Active-TV Technology for iPhone and iPod touch

Active-TV Technology for iPhone and iPod touch
Navigate YouTube

Navigate YouTube available at iTunes App Sore

An easy to use iPhone and iPod touch App that enables both new and advanced YouTube users to get the best from YouTube.

Browse video Standard Feeds, Categories, Channels and Playlists. Then organize new videos into your own favorites and playlists. Make playlists private or public. Subscribe to other user's playlists and video collections for future viewing. Subscribe to videos matching search-words.

Look at publicly viewable favorite videos, playlists and subscriptions based on your YouTube friends, family and contacts. Send and receive video links with YouTube contacts via YouTube video messages.

Search for new videos tagged for your language or geographical region, using local keyboard. Explore for new videos via easy switching of user ID to the owner of interesting videos - then explore their world.

All actions are kept in sync with PC, Mac or Apple-TV access to YouTube. Available at Apple App Store.

active-TV technology for PC

active-TV technology for PC
Windows PC based home network

Tuesday, September 21, 2010

Apple ends TV remotes rather than replace them ?

The new Apple TV has received some disappointing remarks from commentators. In part this is due to its lack of direct support for iPhone-like apps or apparent inability to get rid of the tangle of boxes and wiring behind the TV. As well as not providing the one-TV-remote that does everything, and gets rid of the rest. But maybe these criticism are unfair and resulting from Apple's strategy having not fully emerged.

However, Apple may think their is no need for UI apps to run on the TV. Clearly, the TV is not going to support a touch-based interface. It is likely all the UI controls a TV requires can be better accomplished using an iPod, iPhone, or iPad. Consequently, the TV's UI could be provided by apps running on multiple mobile devices used around the home.

We can see this direction emerging with Apple's AirPlay which enables mobile devices to stream video and audio to any AirPlay connected devices, such as an Apple-TV connected TV. This is a bit like using an iPod touch to stream music to a Hi-Fi system connected using a wireless AirPort Express. The AirPort acts as a bridge between the Hi-Fi and the home network. The Apple-TV could be used like an AirPort Express for Video. The relatively low $99 cost and power requirement of the new Apple TV would fit with this operation.

The Apple TV web site shows how in the future an iPod can be used to switch its output from the mobile display to a wirelessly connected TV (see How it Works). Video could be discovered or organized with a mobile app, but ultimately viewed on the TV. Maybe we will soon see an update to the iPhone SDK to support an AirPlay icon and menu for switching video output to any connected TV. This would enable developers to better build "TV apps".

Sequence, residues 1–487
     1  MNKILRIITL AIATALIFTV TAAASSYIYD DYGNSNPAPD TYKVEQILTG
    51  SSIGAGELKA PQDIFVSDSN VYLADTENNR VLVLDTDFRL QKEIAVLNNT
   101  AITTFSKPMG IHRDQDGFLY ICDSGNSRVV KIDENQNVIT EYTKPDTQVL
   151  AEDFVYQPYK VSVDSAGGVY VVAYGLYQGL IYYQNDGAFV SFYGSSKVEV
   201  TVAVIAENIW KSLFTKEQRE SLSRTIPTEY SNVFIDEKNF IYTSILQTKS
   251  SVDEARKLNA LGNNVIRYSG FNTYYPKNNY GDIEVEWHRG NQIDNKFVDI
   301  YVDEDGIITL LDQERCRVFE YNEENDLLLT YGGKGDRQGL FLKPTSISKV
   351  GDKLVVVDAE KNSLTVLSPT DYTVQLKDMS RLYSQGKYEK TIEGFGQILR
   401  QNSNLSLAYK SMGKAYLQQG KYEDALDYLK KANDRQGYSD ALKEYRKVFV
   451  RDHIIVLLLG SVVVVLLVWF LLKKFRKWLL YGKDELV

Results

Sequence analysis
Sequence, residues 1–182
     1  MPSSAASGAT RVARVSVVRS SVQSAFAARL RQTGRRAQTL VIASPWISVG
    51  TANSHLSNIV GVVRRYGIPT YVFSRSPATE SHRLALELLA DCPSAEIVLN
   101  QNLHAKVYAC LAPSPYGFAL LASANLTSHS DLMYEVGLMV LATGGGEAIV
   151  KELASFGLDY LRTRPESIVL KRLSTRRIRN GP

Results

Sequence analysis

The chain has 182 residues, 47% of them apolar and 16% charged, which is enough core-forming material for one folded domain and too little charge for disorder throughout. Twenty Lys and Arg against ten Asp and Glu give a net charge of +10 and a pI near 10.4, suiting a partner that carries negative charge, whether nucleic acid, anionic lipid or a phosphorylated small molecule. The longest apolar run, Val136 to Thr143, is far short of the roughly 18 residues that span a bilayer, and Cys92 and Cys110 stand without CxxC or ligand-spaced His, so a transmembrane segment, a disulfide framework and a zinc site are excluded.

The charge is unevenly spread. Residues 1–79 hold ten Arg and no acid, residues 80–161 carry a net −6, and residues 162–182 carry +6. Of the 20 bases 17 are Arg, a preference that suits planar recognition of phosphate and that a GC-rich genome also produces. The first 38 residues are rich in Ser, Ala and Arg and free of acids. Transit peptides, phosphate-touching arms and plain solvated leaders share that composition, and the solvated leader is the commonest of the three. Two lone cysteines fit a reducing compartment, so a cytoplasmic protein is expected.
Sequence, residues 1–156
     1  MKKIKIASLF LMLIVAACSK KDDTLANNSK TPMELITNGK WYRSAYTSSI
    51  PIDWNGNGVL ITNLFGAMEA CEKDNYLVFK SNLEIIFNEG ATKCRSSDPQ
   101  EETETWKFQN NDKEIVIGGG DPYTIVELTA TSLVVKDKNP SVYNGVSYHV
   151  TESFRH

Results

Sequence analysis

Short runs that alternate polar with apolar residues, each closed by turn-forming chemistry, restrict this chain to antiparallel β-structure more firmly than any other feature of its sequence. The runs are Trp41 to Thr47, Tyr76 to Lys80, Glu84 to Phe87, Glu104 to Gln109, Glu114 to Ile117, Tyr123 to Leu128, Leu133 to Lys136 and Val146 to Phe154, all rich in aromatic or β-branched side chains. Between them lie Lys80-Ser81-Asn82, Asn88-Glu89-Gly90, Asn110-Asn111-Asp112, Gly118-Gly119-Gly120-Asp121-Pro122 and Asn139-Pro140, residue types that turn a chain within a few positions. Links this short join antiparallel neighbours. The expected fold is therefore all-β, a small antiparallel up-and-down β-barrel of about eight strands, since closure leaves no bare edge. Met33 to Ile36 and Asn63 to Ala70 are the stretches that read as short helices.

Video stored on an iPod could be streamed to the TV, but it is also likely the iPod could alternatively just send the storage location of the video to the TV, along with the play-back position. This would reduce network traffic. A mobile app may find or select a video for TV viewing, but it need not have to be actually stream to the TV. Once given the video's network address, the Apple TV alone could deal with the decoding and presentation.

Now consider the tangle of boxes and multiple remotes. One solution would be a relatively simple video receiver box with no remote controller or built-in TV UI. In effect, a NAS-like box (Network Attached Storage) sitting next to an Apple TV and network-wired to the Apple TV. The box could receive ATSC, DVB-t or cableCARD-type CA-protected broadcast video. The UI for accessing the video would be on the iPod or other Apple mobile device. It would be easy and network-efficent for the UI on the user's mobile device to have the video "sent" to the TV for display, as the video's network address is close (wired) to the TV.

Such a system would easily support video time shifting and TV access to any video reachable on the home network, such as video stored on a laptop computer. All the TV-remotes are gone, replaced by the iPod of the like. Missing from the story, is the ability to control the graphics engine inside the Apple-TV. AirPlay only provides a means of switching the location for video decode, there appears no means for a UI application to incorporate such things as graphics transition animation between video playback. But maybe that's a future Apple demo.

Daniel Mann